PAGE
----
freely offer casual sex, and
wear body piercings as proud
badges of their teenage
defiance and
independence. They ditch
friends, parents and,
eventually, each other in
their pursuit for their own
happiness or gratification.
Their actions are beyond cries
for help: the girls know what
they are doing and each
blindly rush down their
destructive paths. Within this
time, Tracy has gone from
honor student to failing
seventh grade. Mel tries to
intervene but is a struggling
single working mom. She lives
on an emotional edge herself,
attends 12-step classes with a
friend, and seeks refuge in
the company of her new
boyfriend. Tracy despises the
boyfriend, or despises her mom
being happy. In THIRTEEN,
Tracy radically redefines the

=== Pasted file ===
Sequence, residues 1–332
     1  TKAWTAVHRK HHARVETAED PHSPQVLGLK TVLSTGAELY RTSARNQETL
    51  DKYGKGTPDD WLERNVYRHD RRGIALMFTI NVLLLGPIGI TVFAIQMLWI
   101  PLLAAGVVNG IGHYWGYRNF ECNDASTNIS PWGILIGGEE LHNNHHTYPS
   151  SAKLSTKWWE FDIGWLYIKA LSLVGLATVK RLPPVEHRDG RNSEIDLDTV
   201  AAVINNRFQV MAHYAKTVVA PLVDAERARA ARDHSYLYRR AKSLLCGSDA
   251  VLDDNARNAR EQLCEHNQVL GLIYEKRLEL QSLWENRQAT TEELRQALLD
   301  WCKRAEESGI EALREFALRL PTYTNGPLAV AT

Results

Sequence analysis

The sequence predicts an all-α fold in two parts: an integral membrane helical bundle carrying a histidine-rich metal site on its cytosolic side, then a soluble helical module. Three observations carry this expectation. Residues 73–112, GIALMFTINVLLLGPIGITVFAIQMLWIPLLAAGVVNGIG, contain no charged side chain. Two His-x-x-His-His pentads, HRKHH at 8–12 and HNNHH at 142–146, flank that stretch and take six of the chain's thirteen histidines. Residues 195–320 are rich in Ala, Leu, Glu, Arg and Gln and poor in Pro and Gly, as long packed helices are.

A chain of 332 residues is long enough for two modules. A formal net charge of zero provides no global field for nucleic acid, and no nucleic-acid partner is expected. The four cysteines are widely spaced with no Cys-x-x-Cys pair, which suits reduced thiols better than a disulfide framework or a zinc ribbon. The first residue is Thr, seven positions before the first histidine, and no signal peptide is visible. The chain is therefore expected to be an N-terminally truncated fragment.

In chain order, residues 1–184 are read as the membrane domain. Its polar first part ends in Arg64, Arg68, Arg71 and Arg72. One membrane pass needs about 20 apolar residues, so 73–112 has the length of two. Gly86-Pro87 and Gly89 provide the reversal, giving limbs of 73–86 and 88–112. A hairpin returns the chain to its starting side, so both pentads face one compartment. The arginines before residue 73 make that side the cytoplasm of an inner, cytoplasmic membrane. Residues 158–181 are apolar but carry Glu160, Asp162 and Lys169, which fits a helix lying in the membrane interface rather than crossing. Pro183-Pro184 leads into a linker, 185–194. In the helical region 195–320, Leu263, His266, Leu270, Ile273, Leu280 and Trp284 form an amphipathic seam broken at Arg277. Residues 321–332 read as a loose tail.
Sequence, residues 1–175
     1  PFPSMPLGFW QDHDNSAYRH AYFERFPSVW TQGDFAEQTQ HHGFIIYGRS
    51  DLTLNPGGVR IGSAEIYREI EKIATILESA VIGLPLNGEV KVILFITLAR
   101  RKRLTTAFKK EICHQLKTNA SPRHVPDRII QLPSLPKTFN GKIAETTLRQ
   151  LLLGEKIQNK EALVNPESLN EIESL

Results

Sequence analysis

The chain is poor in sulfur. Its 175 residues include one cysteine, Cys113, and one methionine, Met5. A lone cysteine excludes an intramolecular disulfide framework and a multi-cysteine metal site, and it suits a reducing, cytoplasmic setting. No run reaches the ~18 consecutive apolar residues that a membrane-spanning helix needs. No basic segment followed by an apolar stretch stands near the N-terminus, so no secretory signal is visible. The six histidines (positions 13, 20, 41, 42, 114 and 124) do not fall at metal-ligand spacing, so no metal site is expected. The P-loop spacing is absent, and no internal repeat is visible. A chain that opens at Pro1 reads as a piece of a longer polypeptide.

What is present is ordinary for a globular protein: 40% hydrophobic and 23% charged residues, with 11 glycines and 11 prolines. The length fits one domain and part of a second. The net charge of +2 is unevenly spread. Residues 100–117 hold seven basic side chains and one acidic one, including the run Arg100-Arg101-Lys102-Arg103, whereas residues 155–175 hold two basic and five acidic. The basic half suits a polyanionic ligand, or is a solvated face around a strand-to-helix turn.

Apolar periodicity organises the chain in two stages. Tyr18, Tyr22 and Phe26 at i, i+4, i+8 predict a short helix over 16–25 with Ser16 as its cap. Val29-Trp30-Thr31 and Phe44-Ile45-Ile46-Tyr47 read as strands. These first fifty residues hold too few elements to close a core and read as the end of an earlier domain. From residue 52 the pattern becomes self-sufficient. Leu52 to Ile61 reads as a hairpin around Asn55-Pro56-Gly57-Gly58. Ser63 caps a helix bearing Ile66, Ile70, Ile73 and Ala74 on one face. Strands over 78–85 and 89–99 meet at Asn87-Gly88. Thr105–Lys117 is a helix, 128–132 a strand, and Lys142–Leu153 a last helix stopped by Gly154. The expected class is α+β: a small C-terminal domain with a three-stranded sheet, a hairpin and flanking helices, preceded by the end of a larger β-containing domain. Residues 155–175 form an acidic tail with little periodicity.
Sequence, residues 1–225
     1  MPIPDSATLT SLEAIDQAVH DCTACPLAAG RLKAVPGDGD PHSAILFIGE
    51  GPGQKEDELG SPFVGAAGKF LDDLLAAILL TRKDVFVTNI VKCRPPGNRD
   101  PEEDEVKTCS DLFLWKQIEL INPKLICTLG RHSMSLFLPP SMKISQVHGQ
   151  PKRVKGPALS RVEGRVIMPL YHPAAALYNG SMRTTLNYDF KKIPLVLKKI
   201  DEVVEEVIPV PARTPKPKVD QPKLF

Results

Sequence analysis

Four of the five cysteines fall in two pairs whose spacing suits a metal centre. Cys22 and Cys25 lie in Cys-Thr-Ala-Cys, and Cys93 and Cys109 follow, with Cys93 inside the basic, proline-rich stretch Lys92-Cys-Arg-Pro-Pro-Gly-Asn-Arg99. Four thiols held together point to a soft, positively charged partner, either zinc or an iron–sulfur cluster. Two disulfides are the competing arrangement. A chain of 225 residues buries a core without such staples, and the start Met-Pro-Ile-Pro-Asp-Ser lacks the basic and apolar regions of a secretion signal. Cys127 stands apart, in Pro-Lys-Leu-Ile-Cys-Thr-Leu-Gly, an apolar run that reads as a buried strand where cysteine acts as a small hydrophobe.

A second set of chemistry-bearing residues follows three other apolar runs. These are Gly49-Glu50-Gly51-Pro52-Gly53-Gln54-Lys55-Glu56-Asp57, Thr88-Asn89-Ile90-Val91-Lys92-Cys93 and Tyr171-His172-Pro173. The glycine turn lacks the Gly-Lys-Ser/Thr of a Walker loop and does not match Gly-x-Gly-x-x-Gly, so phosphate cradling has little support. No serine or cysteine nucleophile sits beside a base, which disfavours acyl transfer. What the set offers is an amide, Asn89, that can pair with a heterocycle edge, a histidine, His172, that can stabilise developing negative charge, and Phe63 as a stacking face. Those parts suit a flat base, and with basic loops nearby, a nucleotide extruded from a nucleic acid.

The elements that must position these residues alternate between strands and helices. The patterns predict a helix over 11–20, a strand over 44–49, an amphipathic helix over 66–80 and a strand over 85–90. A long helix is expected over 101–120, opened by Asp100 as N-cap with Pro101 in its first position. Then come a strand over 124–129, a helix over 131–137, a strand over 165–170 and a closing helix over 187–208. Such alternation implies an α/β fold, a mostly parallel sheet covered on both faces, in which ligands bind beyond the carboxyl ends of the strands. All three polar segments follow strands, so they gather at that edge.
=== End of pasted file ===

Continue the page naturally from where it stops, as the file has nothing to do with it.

concept of mood swings. The
bio-dad, on the other hand, is
shown as neglectful of Tracy
and her brother. He is behind
on his child support payments,
out of touch with his kids,
and easily pulled by his job
and new family. He believes
that making more money for Mel
and the children is the best
solution, no matter the
problem. Scenes like these,
among so many others, make
this movie very difficult to
watch. THIRTEEN feels
frighteningly real. It is one
of the best arguments for
private Christian schools or
home-schooling that Hollywood
could ever devise. Of course,
even these cannot protect a
child intent on rebellion,
experimentation or
self-destruction, but the
movie makes a very strong case
for parental involvement. The
story concludes with Mel
breaking through to Tracy and
communicating her
unconditional love through
tears and great pain. Still,
Tracy is profoundly adrift and
so much damage has been done
in her life. Mel believes a
mother’s love can be enough
to grip a wayward child, but
she offers no moral grounding
or spiritual
foundation. THIRTEEN was
co-written by the director and
13-year-old Nikki Reed, who
plays the role of Evie. The
result is a story that is
terrifyingly believable,
filled with intensely
disturbing content, and
shocking to any remaining
naïve parents out